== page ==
Style & Shopping News & Trends

Homes With This “Old-Fashioned” Feature Actually Sell for More

Keep an open mind.
Lydia Geisel Avatar
dining table with emerald charis

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The rise of open-concept layouts has coincided with the fall of formal dining rooms, which have earned the reputation as archaic, outdated, and not worth keeping around—right? This year, with more and more folks favoring separate rooms to maintain their sanity in quarantine, having a separate room for mealtimes is a good thing. And as it turns out, it’s also a major plus for homeowners who are in the market to sell. 

While the share of listings that mention open-floor concepts has gone up across the board, among the 35 most-populated metro areas, homes for sale with separate dining rooms are more expensive (and more common!) than houses with free-flowing layouts in 2020, Zillow shares with us. Since 2018, the number of listings mentioning formal dining rooms has risen slightly, so if you’re planning to move and thinking of making updates for resale benefits, you might want to reconsider knocking down any walls. Your kitchen can look just as light and bright with these three low-effort upgrades.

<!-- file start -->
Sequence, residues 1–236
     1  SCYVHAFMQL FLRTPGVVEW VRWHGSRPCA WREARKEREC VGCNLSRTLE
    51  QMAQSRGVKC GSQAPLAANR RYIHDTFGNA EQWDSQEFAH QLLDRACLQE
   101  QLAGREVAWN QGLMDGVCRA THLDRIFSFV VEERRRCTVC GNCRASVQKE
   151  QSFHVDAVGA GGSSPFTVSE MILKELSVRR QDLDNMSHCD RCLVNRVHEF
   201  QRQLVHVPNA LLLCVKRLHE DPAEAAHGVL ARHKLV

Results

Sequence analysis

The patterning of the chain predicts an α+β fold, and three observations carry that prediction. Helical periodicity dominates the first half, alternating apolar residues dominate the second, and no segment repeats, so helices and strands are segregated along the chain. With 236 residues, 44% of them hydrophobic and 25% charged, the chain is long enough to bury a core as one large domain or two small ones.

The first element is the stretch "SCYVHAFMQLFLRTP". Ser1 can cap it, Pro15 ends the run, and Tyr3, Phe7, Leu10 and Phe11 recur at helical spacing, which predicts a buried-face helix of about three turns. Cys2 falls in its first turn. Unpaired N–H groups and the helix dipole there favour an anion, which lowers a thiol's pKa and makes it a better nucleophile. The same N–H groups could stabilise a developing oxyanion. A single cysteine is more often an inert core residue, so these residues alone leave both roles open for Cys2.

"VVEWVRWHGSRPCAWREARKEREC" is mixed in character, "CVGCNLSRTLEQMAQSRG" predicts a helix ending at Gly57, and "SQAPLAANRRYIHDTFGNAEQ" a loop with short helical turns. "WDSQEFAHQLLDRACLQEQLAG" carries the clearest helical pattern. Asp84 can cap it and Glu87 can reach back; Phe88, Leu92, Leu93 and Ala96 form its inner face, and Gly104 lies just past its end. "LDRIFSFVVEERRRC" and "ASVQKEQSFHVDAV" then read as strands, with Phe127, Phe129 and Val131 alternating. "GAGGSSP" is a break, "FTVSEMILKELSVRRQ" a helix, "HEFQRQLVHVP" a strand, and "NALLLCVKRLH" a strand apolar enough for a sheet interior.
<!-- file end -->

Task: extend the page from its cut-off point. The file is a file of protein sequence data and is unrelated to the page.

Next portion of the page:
Paint the Cabinets

A fresh coat is sometimes all it takes for a room to feel good as new. Don’t relegate your palette to whites: The right shade of green (designers swear by Pewter by Sherwin-Williams and Moth’s Wing by Behr, among others) can read just as sleek. 

Swap Out the Hardware

Whether you go with something matte (like leather) or shiny (think: chrome or brass), fresh knobs and pulls are a little change with a big impact. 

Rethink the Sink

Keeping the existing walls isn’t the only way you can potentially pocket some extra cash. Houses with farmhouse sinks sell for an average 26 percent more than those without, according to a report released earlier this year. 

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